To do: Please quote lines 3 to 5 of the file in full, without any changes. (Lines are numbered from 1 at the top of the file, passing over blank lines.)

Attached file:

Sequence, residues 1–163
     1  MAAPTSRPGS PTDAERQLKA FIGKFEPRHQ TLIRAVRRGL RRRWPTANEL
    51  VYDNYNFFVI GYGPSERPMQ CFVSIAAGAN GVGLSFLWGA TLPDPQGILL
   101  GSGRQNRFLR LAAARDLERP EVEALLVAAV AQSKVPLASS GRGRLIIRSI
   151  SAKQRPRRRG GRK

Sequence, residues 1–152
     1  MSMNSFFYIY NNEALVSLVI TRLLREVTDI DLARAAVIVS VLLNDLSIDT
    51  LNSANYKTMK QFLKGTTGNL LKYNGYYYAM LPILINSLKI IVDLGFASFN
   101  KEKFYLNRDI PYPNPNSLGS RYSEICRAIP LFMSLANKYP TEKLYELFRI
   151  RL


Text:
    51  VYDNYNFFVI GYGPSERPMQ CFVSIAAGAN GVGLSFLWGA TLPDPQGILL
   101  GSGRQNRFLR LAAARDLERP EVEALLVAAV AQSKVPLASS GRGRLIIRSI
   151  SAKQRPRRRG GRK